Lesson 199-October 6, 2019 “No Stumbling this Time”

Lesson 199-October 6, 2019
Lesson: “No Stumbling this Time”

Audio Lesson by David Daniel

Scripture: Mark 7:24-30 (primary text); Matthew 15: 21-28 (parallel text)
Lesson Goal: To see and better understand a Gentile woman that got it!

Introduction: “Jesus now withdrew from Capernaum to the region of Tyre and Sidon. The hostility of the religious leaders was so intense that Christ withdrew to a Gentile area where the religious leaders would not follow Him. Here, away from the hostility of the mob, He had an opportunity to spend time with the Twelve and to instruct them.” Pentecost
Question: Over what issue had the Jewish religious leaders clashed with Jesus prior to Jesus moving into the Gentile territory of Tyre and Sidon?
Question: From the Jewish elders’ perspective of Mark 7:1-23, what was the purpose of ceremonial washing?
We must remember that the events of today’s Scripture text came immediately following a major conflict with the religious leaders about ceremonial uncleanness. Jews normally did not have any contact with Gentiles be-cause this made them ceremonially ‘unclean’ according to Jewish traditions.” Cooper
During this time in Jesus’ life and ministry He faced the intensifying pressures from several sources. Three mounting pressures that He was dealing with included: pressures from the multitudes who were convinced He was the Messiah. In seeing His miracles they understood Him to be the Messiah but they were completely wrong as to the kind of Messiah He would be. They saw Him as a political, economic, and military Messiah that would deliver them from the clinches of the Romans. The second pressure that Jesus faced was the mistaken notion by Herod Antipas that Jesus must be a vengeful John the Baptist raised from the dead. The third and most intense pressure came from the Jewish religious leaders. Like pressure building inside a pressure cooker so was the Jewish religious leaders in their criticisms, hostilities, and rejections of Jesus. The delegation hand picked by the Jewish authorities to confront Jesus had been rebuked, corrected, and embarrassed by Jesus’ stern words concerning their man made traditions of ceremonial washing. Jesus had exposed and declared publicly the hypocrisy of the (Mark 7:6-13) scribes and Pharisees. In the words of Alfred Edersheim, Jesus “was saying distinctly unJewish things” (John 6:60-66). There was no middle ground in following Jesus and because of this many walked away. A decision to truly follow Jesus was not an easy or comfortable decision.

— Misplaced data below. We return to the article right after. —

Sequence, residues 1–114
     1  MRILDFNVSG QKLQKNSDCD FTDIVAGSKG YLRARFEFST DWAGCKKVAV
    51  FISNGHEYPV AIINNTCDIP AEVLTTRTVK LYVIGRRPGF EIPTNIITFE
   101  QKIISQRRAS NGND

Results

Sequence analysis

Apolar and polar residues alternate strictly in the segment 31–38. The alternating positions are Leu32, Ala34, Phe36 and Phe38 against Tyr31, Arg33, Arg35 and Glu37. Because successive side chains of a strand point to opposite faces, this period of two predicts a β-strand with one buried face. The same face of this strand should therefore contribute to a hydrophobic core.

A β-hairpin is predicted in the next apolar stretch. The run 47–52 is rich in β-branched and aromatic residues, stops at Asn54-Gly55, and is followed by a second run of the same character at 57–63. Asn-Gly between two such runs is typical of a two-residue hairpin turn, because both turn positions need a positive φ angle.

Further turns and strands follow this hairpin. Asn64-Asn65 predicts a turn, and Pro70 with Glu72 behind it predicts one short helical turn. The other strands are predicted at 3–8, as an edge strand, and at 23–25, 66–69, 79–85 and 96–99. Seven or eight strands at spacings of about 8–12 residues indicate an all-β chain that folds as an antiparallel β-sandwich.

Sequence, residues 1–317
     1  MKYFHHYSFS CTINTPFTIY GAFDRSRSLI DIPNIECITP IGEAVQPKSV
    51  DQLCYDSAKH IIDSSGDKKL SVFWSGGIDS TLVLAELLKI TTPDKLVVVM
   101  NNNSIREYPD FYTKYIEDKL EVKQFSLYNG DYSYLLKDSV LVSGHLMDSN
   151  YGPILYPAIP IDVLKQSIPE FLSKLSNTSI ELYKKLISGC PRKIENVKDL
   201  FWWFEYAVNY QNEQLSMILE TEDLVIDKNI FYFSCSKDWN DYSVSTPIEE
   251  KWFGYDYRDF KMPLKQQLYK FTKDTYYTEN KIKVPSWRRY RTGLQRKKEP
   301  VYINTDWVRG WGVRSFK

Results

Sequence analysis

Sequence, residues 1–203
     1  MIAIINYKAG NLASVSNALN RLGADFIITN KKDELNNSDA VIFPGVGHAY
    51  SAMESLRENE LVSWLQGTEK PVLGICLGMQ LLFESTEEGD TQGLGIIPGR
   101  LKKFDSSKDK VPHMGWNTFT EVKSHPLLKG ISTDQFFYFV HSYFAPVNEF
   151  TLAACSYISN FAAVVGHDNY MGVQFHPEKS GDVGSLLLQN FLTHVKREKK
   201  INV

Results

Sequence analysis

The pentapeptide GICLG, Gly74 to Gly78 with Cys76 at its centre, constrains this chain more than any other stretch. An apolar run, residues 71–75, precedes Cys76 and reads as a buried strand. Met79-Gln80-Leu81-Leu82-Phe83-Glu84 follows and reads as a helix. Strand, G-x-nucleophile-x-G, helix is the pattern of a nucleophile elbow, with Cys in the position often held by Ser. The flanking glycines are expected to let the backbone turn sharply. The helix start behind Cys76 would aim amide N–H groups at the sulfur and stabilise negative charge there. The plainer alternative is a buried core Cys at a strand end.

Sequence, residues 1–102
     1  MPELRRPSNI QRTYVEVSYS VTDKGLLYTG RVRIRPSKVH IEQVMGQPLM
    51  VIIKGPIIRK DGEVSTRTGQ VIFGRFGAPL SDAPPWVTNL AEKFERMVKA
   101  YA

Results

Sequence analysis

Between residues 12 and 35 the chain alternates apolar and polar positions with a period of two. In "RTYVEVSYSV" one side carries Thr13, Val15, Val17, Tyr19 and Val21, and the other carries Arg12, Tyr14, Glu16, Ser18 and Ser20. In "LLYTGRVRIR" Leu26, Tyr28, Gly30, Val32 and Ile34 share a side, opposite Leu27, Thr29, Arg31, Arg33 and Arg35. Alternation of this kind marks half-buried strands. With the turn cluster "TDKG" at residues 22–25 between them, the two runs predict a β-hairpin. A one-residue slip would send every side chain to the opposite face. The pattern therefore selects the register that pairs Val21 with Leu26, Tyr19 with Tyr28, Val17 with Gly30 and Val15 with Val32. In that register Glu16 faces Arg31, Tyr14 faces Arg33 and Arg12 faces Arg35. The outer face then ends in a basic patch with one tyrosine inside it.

Please explain, “There is no middle ground with Jesus.” For a First Century follower what did it take to follow Jesus?
(v24) From there He arose and went to the region of Tyre and Sidon. And entered a house and wanted no one to know it, but He could not be hidden.

What appears to just be a change of location with some geographical significance is indeed a very relevant passage with missiological truth. Also contained in this passage is the truth that the Messiah is not just a Messiah for one nation.
From Capernaum to Tyre and Sidon, Jesus traveled with His disciples. It was a journey of some thirty to fifty miles traveling Northwest from Capernaum. Both Tyre and Sidon were port cities along the Mediterranean Sea. These cities flourished with trade and commerce. “As best we can tell, this is the only time Jesus ventured beyond the borders of Israel (Akin). A point of importance is that Tyre and Sidon were inhabited by pagan Gentiles and throughout history they had often opposed Israel. James Edward states, “Tyre probably rep-resented the most extreme expression of paganism, both actually and symbolically, that a Jew could expect to encounter.”

Once again we see Jesus crossing boundaries to reach people with the love and redemption of His ministry and mission. Please explain how Jesus crossed boundaries in terms of geography, religion, ethnicity, culture, language, and tribes as a Savior for all people of all nations.

Question: Do we (followers of Jesus) ever view the gospel through the lens of our own preconceived boundaries? Please offer explanation.